Netflix’s Ted Sarandos still won’t talk numbers but talks Adam Sandler
It took just six minutes for Netflix chief content officer Ted Sarandos to get hit with a question on viewership data Tuesday at the Television Critics Assn. press tour.
And he answered with a chuckle.
“Did you think if we did this early enough, I might be tired and fall into it?” Sarandos quipped.
The streaming giant kicked off the biannual fete in Beverly Hills, in which networks—and more and more, streaming services—unveil their lineups for the coming season to press. And when a reporter tried to get Sarandos to at least reveal which of the streaming service’s original series is the most-watched, Sarandos’ answer was in keeping with Netflix’s tight-lipped nature.
“The reason we don’t like propping them against one another is it’s not the intent to draw the biggest audience from any given show,” Sarandos said, later singling out the cultural chatter surrounding “Orange Is the New Black,” “House of Cards” and “Daredevil.”
He continued: “The shows are built and designed and we test them based on the audience we believe the show can attract. And it’s successful when it attracts that audience segment. None of those shows are designed to attract the whole 65-million subscriber base.”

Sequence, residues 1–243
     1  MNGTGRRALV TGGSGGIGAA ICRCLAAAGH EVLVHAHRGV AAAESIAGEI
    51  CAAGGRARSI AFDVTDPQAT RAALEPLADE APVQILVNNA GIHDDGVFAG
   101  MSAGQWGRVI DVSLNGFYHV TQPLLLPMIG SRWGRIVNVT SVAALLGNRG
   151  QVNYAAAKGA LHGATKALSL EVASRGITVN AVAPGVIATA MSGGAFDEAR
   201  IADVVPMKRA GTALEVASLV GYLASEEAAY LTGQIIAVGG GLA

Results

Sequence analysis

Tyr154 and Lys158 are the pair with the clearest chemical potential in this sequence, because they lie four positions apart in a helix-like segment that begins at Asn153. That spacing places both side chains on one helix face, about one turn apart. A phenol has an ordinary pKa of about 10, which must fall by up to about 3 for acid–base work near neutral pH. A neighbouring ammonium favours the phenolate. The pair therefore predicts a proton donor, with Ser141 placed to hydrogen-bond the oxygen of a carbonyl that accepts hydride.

Tina Fey, during a separate panel for “Unbreakable Kimmy Shmidt,” said she’s also in the dark about ratings data. But she likes it that way.
“We know Ted is pleased,” she said, adding that it “feels” like more people are watching than they did with “30 Rock.” “But we don’t have any numbers. It’s very freeing to be away from the ratings system.”
During the span of the 20-minute executive session, Sarandos answered questions on a possible new season of “Arrested Development” (“We’re plugging away”) and the upcoming “Full House” spinoff that will star most of its original cast (“we’re very excited about the idea of co-viewing, which is very rare in television today”)—and even made some jabs at its linear competitors for borrowing its model of releasing episodes all at once.
“What looked like a radical move has become commonplace, #Aquarius or something like that,” Sarandos said, poking at the NBC bear.
It’s quite the turnaround from just three years ago when Netflix had just two original shows to its name and was an afterthought at TCA. It now boasts the most panels of any network (11) and is home to 16 scripted comedies and dramas, totaling 475 hours of original programming.
But it wasn’t all about TV. Sarandos also addressed the streaming service’s upcoming exclusive four-movie deal with Adam Sandler, which includes the already controversial “The Ridiculous Six.”
Sandler’s latest feature film, Sony’s “Pixels,” opened at No. 2 over the weekend with $24 million in the U.S. Asked whether the film’s performance had Netflix reconsidering its investment in the funnyman, Sarandos pointed to the film’s international draw.
“I don’t have to defend Adam Sandler,” Sarandos said. “‘Pixels’ did $24 million domestically. But a third of our subscribers are outside of the U.S. We did the deal with him because he’s a global movie star.… We’re as encouraged as ever. That split of U.S. and international box office is what got us excited.”
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